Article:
Quester, George H.
October 1974
Foreign Affairs;Oct74, Vol. 53 Issue 1, p77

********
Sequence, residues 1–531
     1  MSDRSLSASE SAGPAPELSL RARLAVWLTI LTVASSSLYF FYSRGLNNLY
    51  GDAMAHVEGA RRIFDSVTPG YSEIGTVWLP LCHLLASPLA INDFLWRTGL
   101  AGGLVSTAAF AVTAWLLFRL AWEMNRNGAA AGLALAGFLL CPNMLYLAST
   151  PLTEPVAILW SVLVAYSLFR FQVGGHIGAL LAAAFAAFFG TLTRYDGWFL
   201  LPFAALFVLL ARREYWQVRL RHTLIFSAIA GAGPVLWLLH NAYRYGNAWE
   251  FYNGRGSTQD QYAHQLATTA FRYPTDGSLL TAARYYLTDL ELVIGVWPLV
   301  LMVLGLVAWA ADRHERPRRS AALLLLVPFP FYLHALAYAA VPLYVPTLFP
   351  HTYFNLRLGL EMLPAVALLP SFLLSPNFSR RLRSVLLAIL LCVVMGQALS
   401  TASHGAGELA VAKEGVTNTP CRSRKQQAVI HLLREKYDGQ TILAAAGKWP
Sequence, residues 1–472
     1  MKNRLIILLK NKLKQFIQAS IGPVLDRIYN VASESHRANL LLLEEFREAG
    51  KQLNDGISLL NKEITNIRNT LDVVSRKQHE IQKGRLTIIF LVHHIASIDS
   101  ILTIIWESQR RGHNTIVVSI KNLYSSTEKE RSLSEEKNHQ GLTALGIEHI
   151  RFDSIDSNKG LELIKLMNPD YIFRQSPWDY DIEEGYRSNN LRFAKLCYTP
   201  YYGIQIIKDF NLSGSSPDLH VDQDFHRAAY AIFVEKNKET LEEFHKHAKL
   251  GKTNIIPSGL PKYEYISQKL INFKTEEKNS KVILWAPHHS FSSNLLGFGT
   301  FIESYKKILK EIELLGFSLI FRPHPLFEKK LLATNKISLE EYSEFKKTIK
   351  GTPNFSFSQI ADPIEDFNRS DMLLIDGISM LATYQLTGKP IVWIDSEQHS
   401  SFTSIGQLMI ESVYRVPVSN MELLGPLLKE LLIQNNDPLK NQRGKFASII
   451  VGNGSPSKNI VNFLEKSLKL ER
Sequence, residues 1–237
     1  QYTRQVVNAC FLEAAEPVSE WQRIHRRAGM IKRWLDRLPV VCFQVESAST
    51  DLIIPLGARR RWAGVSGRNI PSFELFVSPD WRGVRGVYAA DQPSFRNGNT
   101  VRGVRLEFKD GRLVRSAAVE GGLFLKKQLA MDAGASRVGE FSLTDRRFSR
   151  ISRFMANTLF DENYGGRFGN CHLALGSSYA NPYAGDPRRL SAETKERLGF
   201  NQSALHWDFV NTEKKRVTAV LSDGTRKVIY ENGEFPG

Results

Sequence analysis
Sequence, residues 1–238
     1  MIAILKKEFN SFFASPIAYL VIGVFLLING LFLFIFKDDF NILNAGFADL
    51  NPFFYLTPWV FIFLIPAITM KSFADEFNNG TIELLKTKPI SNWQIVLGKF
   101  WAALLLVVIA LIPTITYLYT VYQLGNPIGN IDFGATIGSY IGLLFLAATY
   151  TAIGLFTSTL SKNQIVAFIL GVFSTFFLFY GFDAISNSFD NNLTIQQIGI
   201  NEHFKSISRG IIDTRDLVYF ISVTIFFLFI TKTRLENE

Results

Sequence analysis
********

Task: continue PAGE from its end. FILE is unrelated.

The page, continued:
This article focuses on the issue of nuclear nonproliferation in the context of recent nuclear explosion conducted by India. India detonated a nuclear explosive below the surface of the Rajasthan desert on May 18, 1974. This has ended all the possibilities of world's nuclear club being limited to the five nations that have possessed the bomb since 1964. Can the further spread of nuclear weapons now still be contained after the Indian explosion, or must the United States reconcile itself to a seventh and a twelfth and a twentieth state with nuclear explosives? Proliferation is indeed still bad for the world. The spread of nuclear weapons in some cases may make war more likely, because such weapons temptingly suggest preemptive strikes by the air forces of a region. And in most cases the spread of nuclear weapons will make far enormously more deadly and destructive, as entire cities become vulnerable to the strike of a single bomber. If one concluded that the Indian detonation made the further spread of nuclear weapons inevitable, then the author suggests that detonation would be a disaster for the world.


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